SEC v. Chenery Corp.

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Chenery Corp



Procedural History

This the second time that this case has come to the Supreme Court. The first time, the Supreme Court held that a reviewing court must judge the "propriety of of an action solely by the grounds invoked by the action." A court cannot affirm an admin action by substituting a more adequate basis. The case was remanded and the lower courts were ordered to follow this holding.


The Federal Water Service Corporation (Federal) had a reorganization plan that that SEC did not approve of. The plan was amended to deal with the SEC's objections. The amended plan was approved by the SEC. In forcing this amendment, the SEC acted how it thought the standards were recognized by courts (it did not clearly lay out any new standards.) However, the Supreme Court ruled that the forced amendments did not conform to the current standards, and there was no rule making proscribing allowing the actions in the amended plan. The court remanded the case.

After the remand, there was another amendment to the reorganization plan, which the SEC rejected. The Court of Appeals reversed. The Supreme Court, this time, ruled that the SEC had ruled in a clear and through manner and complied with the earlier Supreme Court holding. However, plaintiffs raised the following issue:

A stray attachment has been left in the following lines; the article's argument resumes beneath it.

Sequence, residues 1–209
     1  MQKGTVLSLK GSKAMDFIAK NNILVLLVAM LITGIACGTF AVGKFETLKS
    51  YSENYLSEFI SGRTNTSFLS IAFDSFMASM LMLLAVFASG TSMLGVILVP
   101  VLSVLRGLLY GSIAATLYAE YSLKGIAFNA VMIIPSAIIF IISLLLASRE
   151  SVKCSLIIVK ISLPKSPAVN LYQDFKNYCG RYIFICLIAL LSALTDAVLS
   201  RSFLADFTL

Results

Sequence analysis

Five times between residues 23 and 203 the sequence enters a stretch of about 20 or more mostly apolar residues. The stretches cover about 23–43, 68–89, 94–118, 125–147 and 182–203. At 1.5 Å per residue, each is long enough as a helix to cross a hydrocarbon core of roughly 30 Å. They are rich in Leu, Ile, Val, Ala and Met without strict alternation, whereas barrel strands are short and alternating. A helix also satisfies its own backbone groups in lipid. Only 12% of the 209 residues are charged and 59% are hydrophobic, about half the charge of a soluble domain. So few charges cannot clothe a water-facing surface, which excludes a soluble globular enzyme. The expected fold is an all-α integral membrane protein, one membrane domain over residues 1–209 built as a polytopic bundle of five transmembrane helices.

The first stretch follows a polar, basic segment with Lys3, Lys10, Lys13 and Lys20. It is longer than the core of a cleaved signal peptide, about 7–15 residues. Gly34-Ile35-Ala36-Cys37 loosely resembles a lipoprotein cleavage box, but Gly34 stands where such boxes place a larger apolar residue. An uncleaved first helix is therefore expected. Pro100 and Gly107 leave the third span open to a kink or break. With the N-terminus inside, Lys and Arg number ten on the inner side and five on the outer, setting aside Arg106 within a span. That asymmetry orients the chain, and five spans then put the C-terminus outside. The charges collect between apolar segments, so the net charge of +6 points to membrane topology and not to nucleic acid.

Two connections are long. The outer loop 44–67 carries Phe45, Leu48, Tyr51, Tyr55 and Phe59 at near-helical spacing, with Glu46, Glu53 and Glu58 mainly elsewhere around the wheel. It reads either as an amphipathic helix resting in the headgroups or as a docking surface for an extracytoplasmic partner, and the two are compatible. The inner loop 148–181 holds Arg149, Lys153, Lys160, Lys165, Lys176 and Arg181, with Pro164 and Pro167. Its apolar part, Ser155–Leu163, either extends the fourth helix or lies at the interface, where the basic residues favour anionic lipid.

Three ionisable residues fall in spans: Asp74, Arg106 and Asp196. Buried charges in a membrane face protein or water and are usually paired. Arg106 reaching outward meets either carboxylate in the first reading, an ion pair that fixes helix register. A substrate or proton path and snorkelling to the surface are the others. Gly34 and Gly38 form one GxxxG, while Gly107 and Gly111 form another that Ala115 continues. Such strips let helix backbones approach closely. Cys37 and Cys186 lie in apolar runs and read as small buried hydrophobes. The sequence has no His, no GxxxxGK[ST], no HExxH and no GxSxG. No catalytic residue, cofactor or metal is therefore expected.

"In the absence of finding a conscious wrongdoing on the part of Federal's management" can the Commission determine by an order in this particular case that "it was inconsistant with the statutory standards to permit Federl's management to realize a profit through the reorganization purchases?" The SEC could have promulgated a rule to outlaw the profits, but, a rule could not be retroactive in nature.


The court starts by stating that since the SEC does have the power to make prospective rules, it should generally rely on its rulemaking powers to lay out new standards of conduct. However, saying that the SEC should always use its rulemaking powers would be too rigid because not every policy can be make in the form of a rule. For a number of reasons, there are some things that cannot be dealt with by rules, and therefore an admin agency needs the flexibility to deal with problems on a case by case basis.